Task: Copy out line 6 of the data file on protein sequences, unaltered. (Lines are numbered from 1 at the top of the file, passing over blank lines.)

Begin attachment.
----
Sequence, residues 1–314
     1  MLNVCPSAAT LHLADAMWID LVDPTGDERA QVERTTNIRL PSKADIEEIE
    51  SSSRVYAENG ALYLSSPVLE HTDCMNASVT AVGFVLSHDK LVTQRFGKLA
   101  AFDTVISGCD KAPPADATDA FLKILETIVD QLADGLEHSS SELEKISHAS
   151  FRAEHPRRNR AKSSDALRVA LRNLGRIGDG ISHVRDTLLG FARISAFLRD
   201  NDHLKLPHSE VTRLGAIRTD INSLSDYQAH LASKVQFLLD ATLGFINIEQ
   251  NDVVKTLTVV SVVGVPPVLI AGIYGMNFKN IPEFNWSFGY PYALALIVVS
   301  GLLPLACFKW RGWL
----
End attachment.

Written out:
   201  NDHLKLPHSE VTRLGAIRTD INSLSDYQAH LASKVQFLLD ATLGFINIEQ